How to Avoid Card Fees Abroad

The flights are booked, the hotel room reserved and the case is packed – it’s holiday time! And in this wonderfully modern age we live in, gone are the days where you need to travel with travellers’ cheques or a whole stash of foreign currency.

Today, you can get away by jetting off with just some plastic in your purse. However, these aren’t your ordinary bank debit cards. 9 times out of 10 you will be charged for every transaction you make abroad using your bank debit card, potentially adding a hefty amount to your holiday spending.

Charges can include

  • A non-sterling transaction fee onto the exchange rate, which is typically around 3%.
  • Cash withdrawal fees.

What I’m referring to are specialist debit cards that can be used abroad for card transactions and cash withdrawals.

There is a good selection of credit cards on the market that can be used abroad but the problem with these are that not all offer fee-free cash withdrawals. Whilst you won’t be charged a foreign transaction fee paying for dinner with a credit card, you still may not have the option to withdraw cash freely.

That’s why in my travelling set up, I take both a credit card and debit card that can be used abroad.

Benefits of having a credit card and debit card you can use abroad;

  • It offers a layer of protection if the worst happens and you lose your credit card. Having a specialist card where you can withdraw and still have access to cash is prudent.
  • It’s useful for destinations that aren’t too plastic friendly. Some cities, like Berlin and Amsterdam, are more cash oriented. They accept card payments but paying in cash will probably endear you to the locals more.

One caveat here is that even when taking specialist cards away there is still the potential you will be charged an ATM fee as in some instances a charge levied by the operator of the ATM.

UK Based Card

My UK based setup is the Caxton Prepaid Currency card (as well as the Halifax Clarity as my credit card option). I load the Caxton before I go away with the amount I’ve estimated I’ll spend in cash and just withdraw as I need when I’m on my travels. I also have the option to transfer more money over from my bank if needed via the Caxton app. We’ve used our Caxton card in Europe and America with no problems and I really like the two-pronged approach of having two cards to use just in case something were to happen that compromises one of them.     

US Based Card

Looking ahead to our four months of travel this summer, our thoughts turned to getting our system in place to avoid foreign transaction fees. As we’re paying for our travels from our US accounts, we needed to obtain another card that will let us withdraw cash abroad free of charge. Transferring money back to the UK to load our Caxton card didn’t seem worth it; the exchange rate is favourable for USD → GBP but the Transferwise fee put us off going down this road (sidenote: we absolutely love Transferwise for moving cash back to the UK but in this instance, we thought getting a US based card was the best option to save some money).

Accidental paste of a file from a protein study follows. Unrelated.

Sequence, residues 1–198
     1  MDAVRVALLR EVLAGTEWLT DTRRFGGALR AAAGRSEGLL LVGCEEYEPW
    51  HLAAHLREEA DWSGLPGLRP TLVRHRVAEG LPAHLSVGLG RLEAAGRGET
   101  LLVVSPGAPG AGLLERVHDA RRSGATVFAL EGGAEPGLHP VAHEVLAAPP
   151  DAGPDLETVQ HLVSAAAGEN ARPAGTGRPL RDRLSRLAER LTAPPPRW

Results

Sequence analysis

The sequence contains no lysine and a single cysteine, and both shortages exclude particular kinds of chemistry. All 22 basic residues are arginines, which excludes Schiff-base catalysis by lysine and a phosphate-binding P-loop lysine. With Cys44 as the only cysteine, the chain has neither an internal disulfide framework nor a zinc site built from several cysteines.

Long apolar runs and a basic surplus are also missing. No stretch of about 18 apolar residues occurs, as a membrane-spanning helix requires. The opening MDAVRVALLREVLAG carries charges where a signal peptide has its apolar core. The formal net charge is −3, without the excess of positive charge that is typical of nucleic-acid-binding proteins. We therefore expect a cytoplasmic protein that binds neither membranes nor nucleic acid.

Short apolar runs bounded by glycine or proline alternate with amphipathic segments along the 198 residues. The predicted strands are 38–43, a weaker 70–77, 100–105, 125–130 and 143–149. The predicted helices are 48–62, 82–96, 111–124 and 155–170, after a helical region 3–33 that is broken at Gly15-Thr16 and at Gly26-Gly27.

And so in stepped Charles Schwab, our no foreign transaction fee saviours! We opened their High Yield Investor Checking Account (don’t be put off by the fact the checking account comes with an investing account – you are under no obligation to invest), which gives you the option to withdraw money abroad as well as pay for transactions abroad with the card. It also does not come with a monthly account fee, which was attractive to us as we won’t have regular money going into the account and will also be drawing down funds in there steadily so at some point will not have the average balance in there some banks require to avoid a facility fee. 

What makes Charles Schwab even more attractive is they refund all ATM fees every month. So even where you are unable to avoid a fee charged by the ATM operator, you will be refunded that charge, making your holiday spending all the more flexible and cheaper!

Some Other Tips for Spending Abroad
  • Always pay in the local currency. For example, if you’re in a restaurant paying for dinner and they ask if you want to pay in pounds or euros, always choose euros. If you pay in pounds, dynamic currency conversion will be performed. This is is where a third party performs the conversion on behalf of the merchant. Whilst some see the advantage of DCC as providing you upfront with the pound amount it’ll cost, the rates of conversion are less favourable than just having the credit card company perform the conversion. Long story short – you pay more when you pay with DCC.
  • Travel with some cash. It’s a good idea to have a small amount of foreign currency on you to help you get through your first day before you get situated at your destination.

It pays to be prepared with a good payment system for travelling to ensure all of your hard earned cash can be spent on enjoying yourself and not on hidden charges and fees.

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